A 28-year-old man with type 1 diabetes mellitus for 18 years attended the casualty department complaining of a painful foot. He was well known to the hospital and was addicted to crack cocaine. He had severe infection of
the left hallux, and deep, infected ulcers over both 1st metatarsal heads (Fig. 5.27). He was admitted to the ward for intravenous antibiotics and possible surgical debridement but walked off the ward 2 h later before treatment was started and was lost to follow-up. Three weeks later he presented again at casualty and accepted admission. He explained that he was a crack cocaine addict and had self-discharged because he was fleeing from his dealer to whom he owed money. In the meantime he had accepted treatment from another hospital two hundred miles away where he received a short course of intravenous antibiotics. Again he self-discharged when his supply of drugs ran out. Back at home he did not seek further treatment until he developed wet necrosis of the hallux and the pain in his foot became extremely severe.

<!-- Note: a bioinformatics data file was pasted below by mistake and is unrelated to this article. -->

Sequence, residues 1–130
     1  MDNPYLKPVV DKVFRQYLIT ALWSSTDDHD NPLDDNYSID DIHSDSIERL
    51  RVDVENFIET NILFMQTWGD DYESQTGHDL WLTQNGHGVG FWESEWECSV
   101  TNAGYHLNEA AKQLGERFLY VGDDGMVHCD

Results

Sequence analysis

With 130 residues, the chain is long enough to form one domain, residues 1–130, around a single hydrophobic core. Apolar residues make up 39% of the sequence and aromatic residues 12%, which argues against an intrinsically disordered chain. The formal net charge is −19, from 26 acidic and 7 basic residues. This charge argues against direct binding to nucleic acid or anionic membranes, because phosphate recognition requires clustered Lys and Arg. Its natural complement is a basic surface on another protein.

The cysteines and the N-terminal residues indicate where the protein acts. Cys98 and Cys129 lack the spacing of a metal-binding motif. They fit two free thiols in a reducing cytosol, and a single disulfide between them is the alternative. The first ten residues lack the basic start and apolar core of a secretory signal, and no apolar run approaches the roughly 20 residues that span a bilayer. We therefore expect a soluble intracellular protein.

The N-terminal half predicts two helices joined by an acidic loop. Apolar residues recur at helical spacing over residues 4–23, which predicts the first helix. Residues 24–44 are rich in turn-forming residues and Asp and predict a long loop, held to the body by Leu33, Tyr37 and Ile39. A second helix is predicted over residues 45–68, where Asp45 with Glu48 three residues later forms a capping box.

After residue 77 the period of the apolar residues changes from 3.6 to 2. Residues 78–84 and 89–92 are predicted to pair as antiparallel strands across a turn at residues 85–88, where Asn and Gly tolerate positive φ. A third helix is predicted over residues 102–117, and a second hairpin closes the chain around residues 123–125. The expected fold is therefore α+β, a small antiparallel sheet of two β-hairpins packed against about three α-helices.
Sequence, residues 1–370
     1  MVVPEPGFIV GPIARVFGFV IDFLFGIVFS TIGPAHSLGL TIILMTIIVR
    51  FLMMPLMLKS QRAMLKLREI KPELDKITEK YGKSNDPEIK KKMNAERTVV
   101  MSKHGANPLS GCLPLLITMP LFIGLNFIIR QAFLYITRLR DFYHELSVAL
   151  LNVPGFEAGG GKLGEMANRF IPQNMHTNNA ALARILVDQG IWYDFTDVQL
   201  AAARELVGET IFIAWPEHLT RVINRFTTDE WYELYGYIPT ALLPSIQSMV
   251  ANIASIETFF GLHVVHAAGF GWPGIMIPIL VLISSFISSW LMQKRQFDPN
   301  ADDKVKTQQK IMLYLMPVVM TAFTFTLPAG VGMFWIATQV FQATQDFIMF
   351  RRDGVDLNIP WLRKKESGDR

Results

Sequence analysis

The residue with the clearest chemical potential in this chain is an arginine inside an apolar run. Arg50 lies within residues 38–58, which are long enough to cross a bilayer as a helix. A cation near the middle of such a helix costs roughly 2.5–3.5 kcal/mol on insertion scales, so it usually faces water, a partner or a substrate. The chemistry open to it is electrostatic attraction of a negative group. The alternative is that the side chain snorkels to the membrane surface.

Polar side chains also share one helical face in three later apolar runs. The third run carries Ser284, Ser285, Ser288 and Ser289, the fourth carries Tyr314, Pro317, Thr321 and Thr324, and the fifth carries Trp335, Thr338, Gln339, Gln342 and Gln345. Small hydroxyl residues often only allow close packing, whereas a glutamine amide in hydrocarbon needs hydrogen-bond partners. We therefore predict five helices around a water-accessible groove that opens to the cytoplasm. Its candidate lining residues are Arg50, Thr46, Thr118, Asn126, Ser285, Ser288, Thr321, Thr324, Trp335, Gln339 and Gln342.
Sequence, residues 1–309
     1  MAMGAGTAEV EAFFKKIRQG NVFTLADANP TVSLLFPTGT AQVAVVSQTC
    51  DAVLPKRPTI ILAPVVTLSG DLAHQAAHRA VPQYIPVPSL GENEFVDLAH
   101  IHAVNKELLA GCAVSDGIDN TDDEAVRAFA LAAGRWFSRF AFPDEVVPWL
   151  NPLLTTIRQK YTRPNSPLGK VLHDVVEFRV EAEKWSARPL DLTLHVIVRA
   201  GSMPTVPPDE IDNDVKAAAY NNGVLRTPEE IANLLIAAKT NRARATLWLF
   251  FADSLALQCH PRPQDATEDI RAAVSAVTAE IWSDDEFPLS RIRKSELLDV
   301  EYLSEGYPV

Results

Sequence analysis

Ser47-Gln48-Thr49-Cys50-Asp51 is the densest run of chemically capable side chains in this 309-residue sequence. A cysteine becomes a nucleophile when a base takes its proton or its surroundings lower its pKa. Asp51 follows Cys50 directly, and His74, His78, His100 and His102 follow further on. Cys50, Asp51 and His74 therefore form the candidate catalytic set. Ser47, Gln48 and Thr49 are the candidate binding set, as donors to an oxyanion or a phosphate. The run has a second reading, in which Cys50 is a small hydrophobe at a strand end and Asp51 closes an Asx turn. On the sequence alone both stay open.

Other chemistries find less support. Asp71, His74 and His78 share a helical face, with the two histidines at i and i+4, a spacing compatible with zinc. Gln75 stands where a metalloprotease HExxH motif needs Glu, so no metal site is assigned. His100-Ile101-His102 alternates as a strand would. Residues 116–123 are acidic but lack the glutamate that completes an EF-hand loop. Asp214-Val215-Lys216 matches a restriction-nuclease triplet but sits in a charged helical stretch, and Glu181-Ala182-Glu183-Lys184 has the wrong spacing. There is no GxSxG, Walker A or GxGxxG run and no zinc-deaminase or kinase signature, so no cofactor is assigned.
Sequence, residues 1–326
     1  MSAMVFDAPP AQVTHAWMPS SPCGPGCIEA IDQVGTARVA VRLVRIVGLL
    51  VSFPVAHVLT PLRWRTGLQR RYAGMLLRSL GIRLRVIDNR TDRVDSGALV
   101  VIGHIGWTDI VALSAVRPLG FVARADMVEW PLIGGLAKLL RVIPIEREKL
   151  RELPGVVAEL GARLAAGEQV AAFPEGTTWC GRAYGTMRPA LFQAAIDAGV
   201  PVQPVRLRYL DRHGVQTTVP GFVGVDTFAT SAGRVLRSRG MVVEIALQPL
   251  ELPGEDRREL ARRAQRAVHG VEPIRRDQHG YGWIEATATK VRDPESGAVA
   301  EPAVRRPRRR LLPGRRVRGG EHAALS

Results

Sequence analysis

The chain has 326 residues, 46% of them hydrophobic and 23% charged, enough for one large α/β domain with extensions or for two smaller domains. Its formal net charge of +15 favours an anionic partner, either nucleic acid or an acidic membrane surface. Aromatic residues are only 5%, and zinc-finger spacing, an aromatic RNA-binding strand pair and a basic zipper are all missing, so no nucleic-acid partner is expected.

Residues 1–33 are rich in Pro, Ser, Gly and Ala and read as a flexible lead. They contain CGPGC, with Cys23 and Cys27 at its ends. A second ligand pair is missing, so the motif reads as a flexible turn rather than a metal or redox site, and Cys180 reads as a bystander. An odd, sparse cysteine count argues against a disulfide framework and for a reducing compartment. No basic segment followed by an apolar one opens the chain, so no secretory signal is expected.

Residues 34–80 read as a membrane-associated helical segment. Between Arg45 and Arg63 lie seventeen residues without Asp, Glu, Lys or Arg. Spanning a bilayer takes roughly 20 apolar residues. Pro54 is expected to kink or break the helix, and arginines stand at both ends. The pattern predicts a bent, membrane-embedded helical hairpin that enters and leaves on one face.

He underwent extensive surgical debridement of the 1st ray and amputation of the hallux. The foot was slow to heal, and he frequently left the ward for periods of several hours without saying where he was going and a cast with a window over the ulcer was applied to protect his foot. Nursing staff on the ward found him a very difficult patient who would not follow advice. He discharged himself after 8 weeks, and kept two follow-up appointments in the casting clinic but was then lost to follow-up.
• Drug addiction is an enormous barrier to care. Patients are frequently non-compliant with erratic attendances.
The door should always be left open to these patients
• Addicts are frequently unable to attend clinic regularly, to follow the treatment regimes suggested, to control their diabetes adequately or to attend early when problems arise
• Refusal to enter hospital and self-discharge from hospital against medical advice are also common in these very challenging patients.
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